Bilaterally Absent Cephalic Veins: A Case Study




Cronk, Jacob
Fajkus, Austin
Do, Tina
Fisher, Cara L.


0000-0003-0257-3614 (Fisher, Cara L.)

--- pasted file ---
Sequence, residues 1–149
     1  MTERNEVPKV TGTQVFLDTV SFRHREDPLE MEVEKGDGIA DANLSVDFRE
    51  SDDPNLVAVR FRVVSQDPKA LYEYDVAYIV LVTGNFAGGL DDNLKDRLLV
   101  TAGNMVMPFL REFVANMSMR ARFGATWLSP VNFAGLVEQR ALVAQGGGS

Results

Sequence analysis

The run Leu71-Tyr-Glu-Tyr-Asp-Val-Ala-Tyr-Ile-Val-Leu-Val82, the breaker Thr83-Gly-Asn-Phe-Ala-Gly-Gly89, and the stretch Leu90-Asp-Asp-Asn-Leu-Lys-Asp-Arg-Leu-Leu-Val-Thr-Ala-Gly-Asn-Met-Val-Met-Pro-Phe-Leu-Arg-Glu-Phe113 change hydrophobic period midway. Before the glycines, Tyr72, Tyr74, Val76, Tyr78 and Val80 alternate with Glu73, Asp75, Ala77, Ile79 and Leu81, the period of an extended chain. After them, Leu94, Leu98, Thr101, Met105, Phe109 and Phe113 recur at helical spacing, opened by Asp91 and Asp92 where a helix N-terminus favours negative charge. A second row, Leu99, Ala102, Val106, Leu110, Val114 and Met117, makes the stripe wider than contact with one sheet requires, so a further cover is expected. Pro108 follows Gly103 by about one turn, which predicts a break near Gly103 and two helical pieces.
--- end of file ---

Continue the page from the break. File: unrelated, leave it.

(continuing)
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Background: The cephalic vein (CV) is one of the primary veins of the upper limb. It is a superficial vein located on the anterolateral surface of the arm and is a common site for venous access. The typical course begins along the radial aspect of the wrist and forearm where it joins with the median cubital vein (MCV) at the antecubital fossa and continues proximally through the superficial fascia, lateral to the biceps brachii muscle, and into the deltopectoral groove of the shoulder. It terminates by draining into the axillary vein in the deltopectoral triangle. The absence of the CV or variations in its location could have important implications for vascular procedures, such as Arteriovenous (AV) fistulas, which utilize the CV as the primary vein for preparing patients for long-term hemodialysis access. Case Information: An elderly Caucasian male cadaver presented with complete bilateral absence of the CV proximal to the antecubital fossa. Dissection revealed enlarged basilic veins (BV) and MCVs that crossed superficially to the bicipital aponeurosis and continued distally along the anterolateral side of the forearms towards the hands. Both limbs also showed a small anastomosis between the large MCV and the deep brachial vein (DBV) just distal to the bicipital aponeurosis. The BV on the right limb gives off one branch as the MCV that continues along the radial aspect of the forearm. Additionally, two smaller branches emerge and circumvent the medial epicondyle of the humerus and rejoin to form one vein that continues along the medial aspect of the forearm. The left limb showed an interesting anastomotic ring within the portion of the vein that would normally represent the MCV just distal to the bicipital aponeurosis. In contrast to the right limb, there was only one smaller branch from the BV that coursed around the medial epicondyle and travelled along the dorsal aspect of the forearm. The absence of the CV in the deltopectoral groove of both shoulders was also noted. Conclusions: This cadaveric case study illustrates a unique presentation of the upper limb venous architecture. With a significant portion of the U.S population requiring hemodialysis and/or developing end-stage renal disease, there has been an increase in the number of AV fistula procedures performed each year. Therefore, having a greater awareness of the variations of the CV may help to prevent complications in vascular procedures that require its use.